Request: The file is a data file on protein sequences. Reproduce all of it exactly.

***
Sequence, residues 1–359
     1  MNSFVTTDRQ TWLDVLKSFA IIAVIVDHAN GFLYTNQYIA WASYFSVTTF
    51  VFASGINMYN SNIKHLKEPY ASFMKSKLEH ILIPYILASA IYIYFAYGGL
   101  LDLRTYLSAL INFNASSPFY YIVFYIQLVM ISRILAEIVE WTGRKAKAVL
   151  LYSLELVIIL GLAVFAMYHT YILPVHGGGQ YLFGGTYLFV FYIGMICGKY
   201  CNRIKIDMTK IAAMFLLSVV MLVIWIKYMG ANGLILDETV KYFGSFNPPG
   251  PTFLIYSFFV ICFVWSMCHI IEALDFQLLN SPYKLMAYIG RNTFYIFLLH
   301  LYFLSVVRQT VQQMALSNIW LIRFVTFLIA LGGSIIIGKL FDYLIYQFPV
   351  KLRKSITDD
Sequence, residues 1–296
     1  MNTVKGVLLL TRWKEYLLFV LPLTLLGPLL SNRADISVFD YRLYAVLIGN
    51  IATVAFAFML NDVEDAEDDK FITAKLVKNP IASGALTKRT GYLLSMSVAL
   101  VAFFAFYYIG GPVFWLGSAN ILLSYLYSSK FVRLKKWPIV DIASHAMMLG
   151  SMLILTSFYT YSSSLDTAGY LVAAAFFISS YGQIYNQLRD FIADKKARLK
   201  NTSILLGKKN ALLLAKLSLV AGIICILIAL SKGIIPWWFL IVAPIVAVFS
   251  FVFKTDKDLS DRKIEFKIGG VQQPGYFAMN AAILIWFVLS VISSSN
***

Sequence, residues 1–359
     1  MNSFVTTDRQ TWLDVLKSFA IIAVIVDHAN GFLYTNQYIA WASYFSVTTF
    51  VFASGINMYN SNIKHLKEPY ASFMKSKLEH ILIPYILASA IYIYFAYGGL
   101  LDLRTYLSAL INFNASSPFY YIVFYIQLVM ISRILAEIVE WTGRKAKAVL
   151  LYSLELVIIL GLAVFAMYHT YILPVHGGGQ YLFGGTYLFV FYIGMICGKY
   201  CNRIKIDMTK IAAMFLLSVV MLVIWIKYMG ANGLILDETV KYFGSFNPPG
   251  PTFLIYSFFV ICFVWSMCHI IEALDFQLLN SPYKLMAYIG RNTFYIFLLH
   301  LYFLSVVRQT VQQMALSNIW LIRFVTFLIA LGGSIIIGKL FDYLIYQFPV
   351  KLRKSITDD
Sequence, residues 1–296
     1  MNTVKGVLLL TRWKEYLLFV LPLTLLGPLL SNRADISVFD YRLYAVLIGN
    51  IATVAFAFML NDVEDAEDDK FITAKLVKNP IASGALTKRT GYLLSMSVAL
   101  VAFFAFYYIG GPVFWLGSAN ILLSYLYSSK FVRLKKWPIV DIASHAMMLG
   151  SMLILTSFYT YSSSLDTAGY LVAAAFFISS YGQIYNQLRD FIADKKARLK
   201  NTSILLGKKN ALLLAKLSLV AGIICILIAL SKGIIPWWFL IVAPIVAVFS
   251  FVFKTDKDLS DRKIEFKIGG VQQPGYFAMN AAILIWFVLS VISSSN